Updated 4 March 2010
"Spirograph" is a registered trademark of Hasbro, Inc. It refers to a child's toy that uses toothed wheels to draw patterns, you can see some examples here.
This page approaches those patterns from a more mathematical point of view, which isn't constrained by the physical properties of the wheels used in the real toy. This allows us to explore a larger set of patterns, including those generated my more than 2 wheels.
There is a new interactive version of my spirograph application at http://www.eddaardvark.co.uk/nc/sprog/
The parametric equation for a circle is
x = R.cos (θ) y = R.sin (θ)
As 'θ' varies from 0 to 2π this will trace one lap around the circle ('R' is the radius). This is our basic wheel. If we multiply θ by a positive integer this will be equivalent to making the wheel rotate faster. A negative integer will make the wheel rotate in the opposite direction. To create the spirograph patterns we combine two wheels rotating at different speeds, say n1 and n2.
x = R1.cos (n1θ) + R2.cos (n2θ) y = R1.sin (n1θ) + R2.sin (n2θ)
Here the second wheel of radius R2 makes n2 full turns as it travels n1 times around the inner wheel of radius R1.
These are idealised wheels, when using the toy, the radius of the inner wheel would be R1-R2. The other way we differ from the toy is that in the physical version the rates n1 and n2 are determined by the number of teeth on the wheels, which are constrained by the wheels' radii. We aren't limited in this way.
The starting positions of the wheels can be changed by adding in a phase component: ψ;
x = R1.cos (n1(θ+ψ1)) + R2.cos (n2(θ+ψ2)) y = R1.sin (n1(θ+ψ1)) + R2.sin (n2(θ+ψ2))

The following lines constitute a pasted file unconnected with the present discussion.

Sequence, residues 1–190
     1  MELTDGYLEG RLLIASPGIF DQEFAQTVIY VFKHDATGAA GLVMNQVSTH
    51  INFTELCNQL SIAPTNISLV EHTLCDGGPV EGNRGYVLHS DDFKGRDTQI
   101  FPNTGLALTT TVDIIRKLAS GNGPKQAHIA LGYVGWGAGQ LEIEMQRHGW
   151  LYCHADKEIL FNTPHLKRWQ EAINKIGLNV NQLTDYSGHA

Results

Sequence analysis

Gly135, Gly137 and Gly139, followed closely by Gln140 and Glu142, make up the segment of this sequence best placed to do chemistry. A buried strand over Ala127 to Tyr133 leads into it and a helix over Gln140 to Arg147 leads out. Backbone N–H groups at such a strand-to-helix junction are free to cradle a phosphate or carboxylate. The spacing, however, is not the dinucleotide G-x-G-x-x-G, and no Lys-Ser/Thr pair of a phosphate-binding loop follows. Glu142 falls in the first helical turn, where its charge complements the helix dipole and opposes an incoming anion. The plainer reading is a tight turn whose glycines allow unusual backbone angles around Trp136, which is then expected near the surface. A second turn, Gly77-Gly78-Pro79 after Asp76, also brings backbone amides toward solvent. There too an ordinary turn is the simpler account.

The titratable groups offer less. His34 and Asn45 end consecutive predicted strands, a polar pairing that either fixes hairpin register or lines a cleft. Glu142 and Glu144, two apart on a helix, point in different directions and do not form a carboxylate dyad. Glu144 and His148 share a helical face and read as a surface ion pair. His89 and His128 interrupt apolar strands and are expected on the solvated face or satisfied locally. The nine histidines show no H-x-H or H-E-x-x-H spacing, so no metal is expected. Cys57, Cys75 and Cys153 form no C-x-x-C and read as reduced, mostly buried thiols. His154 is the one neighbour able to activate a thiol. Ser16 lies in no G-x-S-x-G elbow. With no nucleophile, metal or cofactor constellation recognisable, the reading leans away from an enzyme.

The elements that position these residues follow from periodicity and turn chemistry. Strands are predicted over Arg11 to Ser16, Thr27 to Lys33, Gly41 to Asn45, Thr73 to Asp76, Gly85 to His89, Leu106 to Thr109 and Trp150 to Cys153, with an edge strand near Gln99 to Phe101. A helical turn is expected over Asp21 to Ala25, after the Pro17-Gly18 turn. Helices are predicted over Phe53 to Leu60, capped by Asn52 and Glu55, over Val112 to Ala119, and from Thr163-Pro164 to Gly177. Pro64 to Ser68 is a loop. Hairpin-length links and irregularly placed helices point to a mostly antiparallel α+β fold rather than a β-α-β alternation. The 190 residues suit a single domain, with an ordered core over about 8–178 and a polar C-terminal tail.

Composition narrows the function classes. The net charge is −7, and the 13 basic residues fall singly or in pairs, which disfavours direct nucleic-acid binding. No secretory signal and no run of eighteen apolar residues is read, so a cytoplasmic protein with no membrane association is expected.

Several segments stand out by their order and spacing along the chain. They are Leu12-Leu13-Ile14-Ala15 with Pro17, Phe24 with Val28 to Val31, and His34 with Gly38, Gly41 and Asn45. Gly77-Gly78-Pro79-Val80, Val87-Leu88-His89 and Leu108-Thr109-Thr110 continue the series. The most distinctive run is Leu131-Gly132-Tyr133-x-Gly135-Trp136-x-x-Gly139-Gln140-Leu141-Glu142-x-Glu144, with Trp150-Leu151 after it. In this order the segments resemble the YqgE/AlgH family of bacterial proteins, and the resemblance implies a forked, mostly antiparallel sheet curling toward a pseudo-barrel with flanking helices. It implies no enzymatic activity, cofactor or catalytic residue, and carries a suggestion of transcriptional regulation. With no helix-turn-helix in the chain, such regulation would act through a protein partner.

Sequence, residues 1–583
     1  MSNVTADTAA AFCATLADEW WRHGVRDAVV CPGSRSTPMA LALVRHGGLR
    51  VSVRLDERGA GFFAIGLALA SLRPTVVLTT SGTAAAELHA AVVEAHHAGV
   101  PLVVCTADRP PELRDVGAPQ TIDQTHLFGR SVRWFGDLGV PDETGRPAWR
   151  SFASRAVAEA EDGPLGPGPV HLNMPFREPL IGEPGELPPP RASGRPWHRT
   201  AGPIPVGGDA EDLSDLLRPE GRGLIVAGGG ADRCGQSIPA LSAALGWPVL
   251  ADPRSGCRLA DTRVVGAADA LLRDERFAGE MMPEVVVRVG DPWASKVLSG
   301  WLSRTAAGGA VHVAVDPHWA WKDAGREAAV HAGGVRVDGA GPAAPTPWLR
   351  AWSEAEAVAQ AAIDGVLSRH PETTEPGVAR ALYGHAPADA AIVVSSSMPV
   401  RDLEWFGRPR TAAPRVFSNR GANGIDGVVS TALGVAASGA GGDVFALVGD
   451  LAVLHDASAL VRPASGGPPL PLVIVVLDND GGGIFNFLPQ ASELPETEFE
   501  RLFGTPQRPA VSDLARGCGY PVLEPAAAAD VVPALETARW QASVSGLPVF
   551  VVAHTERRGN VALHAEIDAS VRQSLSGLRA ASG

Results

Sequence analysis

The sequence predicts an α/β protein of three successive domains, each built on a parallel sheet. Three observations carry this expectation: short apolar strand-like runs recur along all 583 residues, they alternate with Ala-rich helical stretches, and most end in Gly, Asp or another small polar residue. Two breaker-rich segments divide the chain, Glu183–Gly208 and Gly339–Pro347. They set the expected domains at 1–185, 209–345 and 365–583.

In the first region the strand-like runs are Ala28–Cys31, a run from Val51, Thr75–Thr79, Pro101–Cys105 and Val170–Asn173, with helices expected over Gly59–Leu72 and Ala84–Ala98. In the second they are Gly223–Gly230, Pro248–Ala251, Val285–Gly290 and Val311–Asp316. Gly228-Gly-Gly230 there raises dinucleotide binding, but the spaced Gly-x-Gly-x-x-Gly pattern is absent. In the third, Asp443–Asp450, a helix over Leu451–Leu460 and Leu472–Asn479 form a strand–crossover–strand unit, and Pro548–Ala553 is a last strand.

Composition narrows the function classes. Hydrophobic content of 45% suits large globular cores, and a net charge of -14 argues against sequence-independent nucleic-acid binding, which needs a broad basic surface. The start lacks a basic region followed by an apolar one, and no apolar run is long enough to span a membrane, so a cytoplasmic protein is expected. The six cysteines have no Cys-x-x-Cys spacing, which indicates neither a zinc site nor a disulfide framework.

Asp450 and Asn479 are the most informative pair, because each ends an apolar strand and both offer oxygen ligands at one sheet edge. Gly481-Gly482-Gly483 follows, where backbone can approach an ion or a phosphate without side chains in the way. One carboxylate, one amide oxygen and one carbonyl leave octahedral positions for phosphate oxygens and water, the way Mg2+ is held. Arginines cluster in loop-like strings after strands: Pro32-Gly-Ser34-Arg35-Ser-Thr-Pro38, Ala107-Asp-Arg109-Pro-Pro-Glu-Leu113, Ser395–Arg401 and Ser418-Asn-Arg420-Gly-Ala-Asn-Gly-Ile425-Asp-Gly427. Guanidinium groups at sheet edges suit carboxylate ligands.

Although it would be difficult with the plastic toy, mathematically it's quite simple to add additional wheels, for instance, having a third wheel rotating around the other two can be represented as
x = R1.cos (n1θ) + R2.cos (n2θ) + R3.cos (n3θ) y = R1.sin (n1θ) + R2.sin (n2θ) + R3.sin (n3θ)
For two wheels the symmetry is |n1-n2| (assuming n1 and n2 have no common factors). If they do have a common factor, say 'k', then the symmetry would be |n1-n2| / k and the algorithm will draw over the same pattern k times.
For more wheels the symmetry is the highest common factor of the set of differences. With three wheels it will be
hcf (n1-n2, n1-n3, n2-n3) / k = hcf (n1-n2, n2-n3) / k
Where 'k' is the largest common factor of n1, n2, n3.
This four wheel animation. The speeds are [3, -13, 11, 19] and the sizes [3,3,2,1]. The differences in the rates are all multiples of 8, so the pattern has 8-fold symetry. The animation is created by changing the relative phases of the wheels.
If you would like to generate your own Spirographs using python you can download the following scripts.
(c) John Whitehouse 2012